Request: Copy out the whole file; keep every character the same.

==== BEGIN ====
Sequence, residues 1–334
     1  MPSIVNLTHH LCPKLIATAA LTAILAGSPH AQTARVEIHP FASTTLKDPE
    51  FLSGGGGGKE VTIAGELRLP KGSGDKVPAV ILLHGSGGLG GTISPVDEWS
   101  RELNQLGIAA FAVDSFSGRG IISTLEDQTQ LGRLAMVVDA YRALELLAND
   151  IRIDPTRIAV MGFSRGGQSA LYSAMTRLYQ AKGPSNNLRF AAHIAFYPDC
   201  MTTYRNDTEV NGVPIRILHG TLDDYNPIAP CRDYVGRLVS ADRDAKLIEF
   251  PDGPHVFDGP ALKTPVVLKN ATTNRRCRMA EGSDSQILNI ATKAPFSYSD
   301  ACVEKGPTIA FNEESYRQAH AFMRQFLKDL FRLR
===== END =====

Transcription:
Sequence, residues 1–334
     1  MPSIVNLTHH LCPKLIATAA LTAILAGSPH AQTARVEIHP FASTTLKDPE
    51  FLSGGGGGKE VTIAGELRLP KGSGDKVPAV ILLHGSGGLG GTISPVDEWS
   101  RELNQLGIAA FAVDSFSGRG IISTLEDQTQ LGRLAMVVDA YRALELLAND
   151  IRIDPTRIAV MGFSRGGQSA LYSAMTRLYQ AKGPSNNLRF AAHIAFYPDC
   201  MTTYRNDTEV NGVPIRILHG TLDDYNPIAP CRDYVGRLVS ADRDAKLIEF
   251  PDGPHVFDGP ALKTPVVLKN ATTNRRCRMA EGSDSQILNI ATKAPFSYSD
   301  ACVEKGPTIA FNEESYRQAH AFMRQFLKDL FRLR